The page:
Sleeping Alone: Lykke Li, ‘I Never Learn’ Review

I Never Learn

In a recent interview with The Fader, Swedish enchantress Lykke Li candidly talked about why she doesn’t create outwardly ‘happy’ songs. “For me, the only way to make (music) is to be as honest as possible because if I wanted to hide, um.. and lie, I’d go back to my day job.” Now, that’s not to say that the singer hasn’t made songs that sound joyous, or ultimately affectionate and triumphant. She’s given us unforgettable lines like “Hands down I’m too proud for love/But with eyes shut, it’s you I’m thinking of,” in the unbridled love song “Little Bit“. There was “Dance, Dance, Dance” an unabashed, undeniably melodious, acoustics driven metaphor. And who can ever forget her ode to devotion in “I Follow Rivers“, with it’s beating drums and powerful churchly organ combining as an absolute force of sound. But what was undeniable through her first two projects was that Li was able to strike an appropriate balance in her music, vividly capturing her highest of highs and lowest of lows in a way that only an artist of her caliber could. From her eye-opening 2008 debut LP Youth Novels to her intimate and lustful follow-up Wounded Rhymes three years later, the emotional songstress already seemed to have experienced a lifetime’s worth of love, joy, and subsequent anguish. It’s honestly hard to believe that an old, tormented soul like Li only recently turned 28.

If Youth Novels represents Li as a young artist still trying to find her sound, and Wounded Rhymes serves as the artist rebelling against her inherently troubled nature, then as Li herself puts it, I Never Learn is the aftermath of all of that. Li’s third project is the most accurate embodiment of herself, a confrontational, agonizingly good piece of work that embraces her sadness and acceptance of defeat at the hands of love. There are no poppy selections like “Breaking It Up” or “I’m Good I’m Gone”. Instead the album follows the “Until We Bleed” route, portraying Lykke Li as an embattled, heartbroken heroine who came out on the losing end of a long war. Li once again links up with Björn Yttling, of Peter Björn and John, to handle the production alongside Greg Kurstin who find a devastatingly strong groove within the project.

From the onset, I Never Learn‘s title track lays out the direction of the album with a resounding gut-punch, as Li’s familiar voice soars over furious acoustic riffs and beautiful strings. “Where the blue moon shines, where the tears melt ice/In a sea of guilt, by the fallen stars,” Li vividly sings like recounting the words of an old poem. After the impressive intro ends, the tone is set and we’re immediately locked in by the powerful “No Rest For The Wicked”. A guilt-ridden Li lets loose her potent vocals like a cannon over sweeping instrumentals, desperately proclaiming “I let my true love down/I had his heart, but I broke it every time.” Undoubtedly one of the year’s best songs, the track portrays Li  not as the victim, but the antagonist who caused her love to abandon her.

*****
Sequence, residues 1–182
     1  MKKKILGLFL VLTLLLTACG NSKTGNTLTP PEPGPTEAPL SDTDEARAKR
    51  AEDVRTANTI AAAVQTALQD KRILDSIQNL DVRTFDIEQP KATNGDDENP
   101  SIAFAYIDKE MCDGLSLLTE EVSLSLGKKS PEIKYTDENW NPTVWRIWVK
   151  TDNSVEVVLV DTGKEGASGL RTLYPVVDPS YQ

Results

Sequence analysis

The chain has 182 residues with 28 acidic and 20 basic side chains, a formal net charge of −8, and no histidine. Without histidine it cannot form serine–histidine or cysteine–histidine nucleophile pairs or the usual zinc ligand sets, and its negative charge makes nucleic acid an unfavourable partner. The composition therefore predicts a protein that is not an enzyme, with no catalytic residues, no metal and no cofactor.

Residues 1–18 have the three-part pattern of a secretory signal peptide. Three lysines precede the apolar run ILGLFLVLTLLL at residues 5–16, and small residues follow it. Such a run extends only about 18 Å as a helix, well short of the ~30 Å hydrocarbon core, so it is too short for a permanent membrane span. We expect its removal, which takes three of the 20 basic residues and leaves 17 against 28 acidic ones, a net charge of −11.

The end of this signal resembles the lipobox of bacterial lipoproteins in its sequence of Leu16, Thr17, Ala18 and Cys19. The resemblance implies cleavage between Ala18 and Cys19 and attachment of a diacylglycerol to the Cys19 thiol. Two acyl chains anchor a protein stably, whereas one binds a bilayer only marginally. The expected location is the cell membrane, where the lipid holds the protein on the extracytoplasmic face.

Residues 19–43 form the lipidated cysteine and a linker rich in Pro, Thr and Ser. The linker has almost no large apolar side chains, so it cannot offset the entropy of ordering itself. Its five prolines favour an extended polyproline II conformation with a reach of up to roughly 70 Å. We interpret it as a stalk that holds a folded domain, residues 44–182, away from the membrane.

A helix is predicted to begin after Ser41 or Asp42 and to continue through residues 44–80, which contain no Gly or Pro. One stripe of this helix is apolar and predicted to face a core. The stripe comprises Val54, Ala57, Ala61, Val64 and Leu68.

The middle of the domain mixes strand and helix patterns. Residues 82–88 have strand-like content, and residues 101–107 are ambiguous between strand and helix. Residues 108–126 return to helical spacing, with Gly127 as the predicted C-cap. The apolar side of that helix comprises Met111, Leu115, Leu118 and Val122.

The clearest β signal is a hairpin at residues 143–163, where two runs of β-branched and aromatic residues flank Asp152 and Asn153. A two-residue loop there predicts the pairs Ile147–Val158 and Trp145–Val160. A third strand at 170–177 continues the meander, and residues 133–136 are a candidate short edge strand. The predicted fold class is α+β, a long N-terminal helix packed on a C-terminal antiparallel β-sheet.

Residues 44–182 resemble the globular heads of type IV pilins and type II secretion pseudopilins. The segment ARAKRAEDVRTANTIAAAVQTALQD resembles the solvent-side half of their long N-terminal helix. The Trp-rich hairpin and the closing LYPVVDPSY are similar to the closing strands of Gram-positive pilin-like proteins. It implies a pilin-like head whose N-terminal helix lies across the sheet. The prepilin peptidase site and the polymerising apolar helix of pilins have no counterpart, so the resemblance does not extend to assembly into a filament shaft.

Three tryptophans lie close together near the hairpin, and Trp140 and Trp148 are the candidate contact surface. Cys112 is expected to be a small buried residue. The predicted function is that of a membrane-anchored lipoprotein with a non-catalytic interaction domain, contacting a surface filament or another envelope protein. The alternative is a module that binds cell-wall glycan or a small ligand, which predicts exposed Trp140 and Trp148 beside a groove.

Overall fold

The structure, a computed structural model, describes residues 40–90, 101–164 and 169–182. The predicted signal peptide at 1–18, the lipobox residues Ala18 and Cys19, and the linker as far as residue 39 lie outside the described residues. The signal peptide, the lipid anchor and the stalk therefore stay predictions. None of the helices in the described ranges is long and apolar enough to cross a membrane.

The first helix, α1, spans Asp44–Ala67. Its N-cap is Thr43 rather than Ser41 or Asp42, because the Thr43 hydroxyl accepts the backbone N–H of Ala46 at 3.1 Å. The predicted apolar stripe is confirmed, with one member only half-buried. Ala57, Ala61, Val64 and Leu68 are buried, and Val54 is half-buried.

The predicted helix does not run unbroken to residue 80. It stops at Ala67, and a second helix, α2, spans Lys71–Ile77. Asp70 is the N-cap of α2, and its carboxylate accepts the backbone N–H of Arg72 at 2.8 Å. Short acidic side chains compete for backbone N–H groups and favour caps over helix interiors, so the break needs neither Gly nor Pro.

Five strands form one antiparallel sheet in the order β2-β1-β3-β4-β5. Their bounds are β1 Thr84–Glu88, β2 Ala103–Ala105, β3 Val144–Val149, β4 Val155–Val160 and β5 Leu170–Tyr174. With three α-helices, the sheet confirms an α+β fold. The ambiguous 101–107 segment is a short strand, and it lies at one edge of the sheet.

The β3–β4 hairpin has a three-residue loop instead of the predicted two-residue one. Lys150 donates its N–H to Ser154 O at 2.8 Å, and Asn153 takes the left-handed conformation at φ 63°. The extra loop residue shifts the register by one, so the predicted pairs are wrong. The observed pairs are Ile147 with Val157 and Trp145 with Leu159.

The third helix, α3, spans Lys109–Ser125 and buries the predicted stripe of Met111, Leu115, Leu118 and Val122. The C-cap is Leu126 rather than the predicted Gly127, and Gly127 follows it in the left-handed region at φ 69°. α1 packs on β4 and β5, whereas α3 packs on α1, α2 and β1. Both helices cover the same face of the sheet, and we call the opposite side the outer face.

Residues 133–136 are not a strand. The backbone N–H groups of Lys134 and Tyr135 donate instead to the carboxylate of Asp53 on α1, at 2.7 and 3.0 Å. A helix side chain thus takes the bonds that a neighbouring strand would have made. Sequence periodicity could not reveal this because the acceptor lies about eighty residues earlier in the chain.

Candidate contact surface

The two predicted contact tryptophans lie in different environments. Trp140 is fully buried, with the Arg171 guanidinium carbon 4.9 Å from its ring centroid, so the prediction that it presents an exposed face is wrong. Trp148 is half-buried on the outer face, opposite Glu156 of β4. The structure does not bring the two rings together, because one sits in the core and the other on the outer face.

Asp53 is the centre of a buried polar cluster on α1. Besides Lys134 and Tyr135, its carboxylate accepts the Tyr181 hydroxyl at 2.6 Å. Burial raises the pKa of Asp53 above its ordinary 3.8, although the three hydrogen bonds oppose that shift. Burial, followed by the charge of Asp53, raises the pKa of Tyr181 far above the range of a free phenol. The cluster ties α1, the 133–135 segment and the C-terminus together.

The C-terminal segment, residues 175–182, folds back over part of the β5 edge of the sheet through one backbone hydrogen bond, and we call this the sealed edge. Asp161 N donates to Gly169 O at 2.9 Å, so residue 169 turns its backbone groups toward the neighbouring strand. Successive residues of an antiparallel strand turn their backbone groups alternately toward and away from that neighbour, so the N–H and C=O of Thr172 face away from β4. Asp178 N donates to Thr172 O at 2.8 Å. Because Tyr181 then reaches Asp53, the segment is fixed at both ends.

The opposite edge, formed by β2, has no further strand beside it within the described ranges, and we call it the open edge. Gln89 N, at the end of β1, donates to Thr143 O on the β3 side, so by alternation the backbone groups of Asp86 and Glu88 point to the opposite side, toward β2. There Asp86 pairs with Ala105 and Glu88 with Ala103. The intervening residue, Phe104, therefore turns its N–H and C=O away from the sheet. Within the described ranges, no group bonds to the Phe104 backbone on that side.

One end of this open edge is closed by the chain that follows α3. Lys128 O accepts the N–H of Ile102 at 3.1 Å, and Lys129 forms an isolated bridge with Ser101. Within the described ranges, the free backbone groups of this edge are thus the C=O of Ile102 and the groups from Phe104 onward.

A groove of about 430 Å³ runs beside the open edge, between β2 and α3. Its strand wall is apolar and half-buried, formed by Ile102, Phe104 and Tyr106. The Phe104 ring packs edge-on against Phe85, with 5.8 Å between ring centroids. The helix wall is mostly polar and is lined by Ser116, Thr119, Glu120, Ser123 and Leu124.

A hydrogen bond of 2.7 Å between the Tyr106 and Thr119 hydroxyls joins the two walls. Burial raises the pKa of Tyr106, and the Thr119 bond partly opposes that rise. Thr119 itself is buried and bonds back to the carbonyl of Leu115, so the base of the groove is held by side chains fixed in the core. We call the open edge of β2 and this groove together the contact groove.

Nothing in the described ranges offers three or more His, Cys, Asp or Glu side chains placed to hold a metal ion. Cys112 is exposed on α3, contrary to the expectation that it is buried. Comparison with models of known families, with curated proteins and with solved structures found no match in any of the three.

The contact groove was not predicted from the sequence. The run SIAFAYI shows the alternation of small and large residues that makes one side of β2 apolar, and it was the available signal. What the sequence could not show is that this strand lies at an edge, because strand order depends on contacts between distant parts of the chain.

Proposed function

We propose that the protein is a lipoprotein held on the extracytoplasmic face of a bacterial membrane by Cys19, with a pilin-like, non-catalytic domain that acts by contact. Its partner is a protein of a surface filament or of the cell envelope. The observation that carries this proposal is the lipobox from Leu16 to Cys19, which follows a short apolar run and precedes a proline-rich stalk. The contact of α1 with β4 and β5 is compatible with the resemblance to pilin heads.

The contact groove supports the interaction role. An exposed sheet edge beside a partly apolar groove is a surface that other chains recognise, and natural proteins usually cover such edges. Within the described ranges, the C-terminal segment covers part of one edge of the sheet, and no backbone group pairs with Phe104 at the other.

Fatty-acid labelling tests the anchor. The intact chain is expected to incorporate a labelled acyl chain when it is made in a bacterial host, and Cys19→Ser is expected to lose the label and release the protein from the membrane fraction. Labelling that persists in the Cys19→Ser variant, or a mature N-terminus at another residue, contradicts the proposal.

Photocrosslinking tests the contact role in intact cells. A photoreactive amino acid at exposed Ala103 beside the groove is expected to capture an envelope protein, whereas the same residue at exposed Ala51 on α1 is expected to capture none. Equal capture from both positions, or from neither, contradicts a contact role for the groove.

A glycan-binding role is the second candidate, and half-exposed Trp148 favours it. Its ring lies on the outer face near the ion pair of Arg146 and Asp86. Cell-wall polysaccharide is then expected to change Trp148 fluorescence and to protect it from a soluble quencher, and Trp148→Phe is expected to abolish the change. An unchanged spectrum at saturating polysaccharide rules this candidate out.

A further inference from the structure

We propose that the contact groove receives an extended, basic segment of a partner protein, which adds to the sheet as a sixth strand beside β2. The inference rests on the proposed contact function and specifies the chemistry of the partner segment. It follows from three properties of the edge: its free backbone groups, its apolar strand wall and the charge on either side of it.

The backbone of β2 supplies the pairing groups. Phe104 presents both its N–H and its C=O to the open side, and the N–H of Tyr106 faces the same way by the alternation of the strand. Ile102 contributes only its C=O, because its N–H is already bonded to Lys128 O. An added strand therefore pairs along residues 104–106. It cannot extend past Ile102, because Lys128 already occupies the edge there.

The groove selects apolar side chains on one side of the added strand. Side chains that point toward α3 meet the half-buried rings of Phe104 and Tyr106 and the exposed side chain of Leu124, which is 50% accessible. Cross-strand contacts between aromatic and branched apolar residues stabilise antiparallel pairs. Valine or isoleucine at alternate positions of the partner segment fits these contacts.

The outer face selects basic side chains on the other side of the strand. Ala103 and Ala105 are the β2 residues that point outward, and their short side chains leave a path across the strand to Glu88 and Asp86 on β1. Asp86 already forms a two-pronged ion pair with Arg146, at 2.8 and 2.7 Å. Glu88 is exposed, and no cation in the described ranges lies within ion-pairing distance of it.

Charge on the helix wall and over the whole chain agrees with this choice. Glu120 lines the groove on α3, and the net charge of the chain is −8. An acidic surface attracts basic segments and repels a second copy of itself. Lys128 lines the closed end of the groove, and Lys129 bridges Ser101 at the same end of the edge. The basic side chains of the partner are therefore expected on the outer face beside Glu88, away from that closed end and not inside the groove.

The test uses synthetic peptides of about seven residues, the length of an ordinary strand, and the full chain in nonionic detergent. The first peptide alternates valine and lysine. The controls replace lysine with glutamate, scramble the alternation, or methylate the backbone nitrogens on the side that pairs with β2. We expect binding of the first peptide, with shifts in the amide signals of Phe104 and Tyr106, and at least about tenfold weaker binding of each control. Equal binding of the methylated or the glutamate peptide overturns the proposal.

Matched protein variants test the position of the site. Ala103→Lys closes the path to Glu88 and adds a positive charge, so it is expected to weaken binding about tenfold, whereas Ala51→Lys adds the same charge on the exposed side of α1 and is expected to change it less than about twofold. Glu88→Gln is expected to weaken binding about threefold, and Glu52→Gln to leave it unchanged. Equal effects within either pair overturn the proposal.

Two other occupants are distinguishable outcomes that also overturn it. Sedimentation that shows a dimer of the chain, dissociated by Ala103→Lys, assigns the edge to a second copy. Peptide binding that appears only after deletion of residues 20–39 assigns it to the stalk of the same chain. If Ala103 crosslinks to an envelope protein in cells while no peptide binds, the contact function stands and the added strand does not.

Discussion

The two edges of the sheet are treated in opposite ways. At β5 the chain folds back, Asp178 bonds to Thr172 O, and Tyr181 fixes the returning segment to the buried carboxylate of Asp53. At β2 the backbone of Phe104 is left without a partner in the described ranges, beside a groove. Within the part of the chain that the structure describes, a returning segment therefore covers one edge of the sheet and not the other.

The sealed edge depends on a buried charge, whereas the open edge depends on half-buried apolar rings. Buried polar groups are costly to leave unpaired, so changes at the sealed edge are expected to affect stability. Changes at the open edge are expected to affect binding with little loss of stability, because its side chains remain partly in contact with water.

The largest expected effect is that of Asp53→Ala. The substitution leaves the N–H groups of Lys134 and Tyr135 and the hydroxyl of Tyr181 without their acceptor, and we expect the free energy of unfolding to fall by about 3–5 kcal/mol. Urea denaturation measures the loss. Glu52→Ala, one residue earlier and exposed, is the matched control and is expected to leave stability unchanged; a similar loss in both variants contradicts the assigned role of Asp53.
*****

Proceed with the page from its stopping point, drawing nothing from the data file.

Other tracks solidify Li’s feelings of desolation and despair, like in “Silver Line” with its hypnotic guitar twangs and slow rolling percussion. Even the album’s closer, “Sleeping Alone”, riles up deep emotional feelings almost to the point where the listener feels Li’s experiences as if they were their own. As deep drums and soft piano keys play in the foreground, a wholly melancholy Li pelts out: “How can I get used to, how can I forget you/Will I get used to Sleeping alone?” Later, as if she reconciles with past mistakes, she unconditionally promises to meet her love again. But no song demonstrates Li’s plight and utter helplessness in front of the microphone more than the middle selection, “Gunshot”.

If there’s a knockout blow to be had on the album, track no. 5 is it.Li quietly slithers into focus, carefully reciting the line “I am longing for your poison/Like a cancer for its prey.” The song flows on and the lyrics get deeper as Li stirs the listener into an uneasy, yet relaxed state. But like a siren gloomily luring sailors into her trap, the chorus suddenly erupts and Li enters into full-on power ballad mode. A near violent piano pounds its keys, and a retro guitar line supplemented by a potent set of drums all compliment Li, who is in total control of her strong vocals. The song functions as a testament to the type of pain that is rarely captured in this day and age. Instead of blaming her lover for all of her misery (a la Taylor Swift), Lykke Li owns her faults in a way that is equally refreshing and intoxicating.

Over the past few months Li has made it clear that the album’s creation was due in part to the worst breakup she’s ever had. Who it was she separated from is unclear, partly due to the fact that Li is a very private person in an age where privacy has all but lost its meaning. But what is clear is that I Never Learn is not so much a ‘break up’ album as it is a true reflection of the artist’s current state of being. She can no longer make ‘happy’ songs because that’s no longer who she is, and she’d consider herself a liar if she did otherwise. During the aforementioned Fader interview, Li speaks on how people are taught to strive for happiness and fulfillment, and gives a “cheesy”  quote from J.R.R. Tolkien that pretty much sums up everything she’s trying to get across. “He says ‘all those who wander are not lost’, and it’s true,” Li says confidently, a wry smile on her face. And you get the sense that she finds happiness in her unhappiness, like it gives her life purpose. I Never Learn is an extension of that philosophy, and serves as an admirable construction of music, as well as a tangible piece of Lykke Li’s heart.

Final Verdict: 8/10


(The featured image was via Pitchfork, taken by Andreas Öhlund)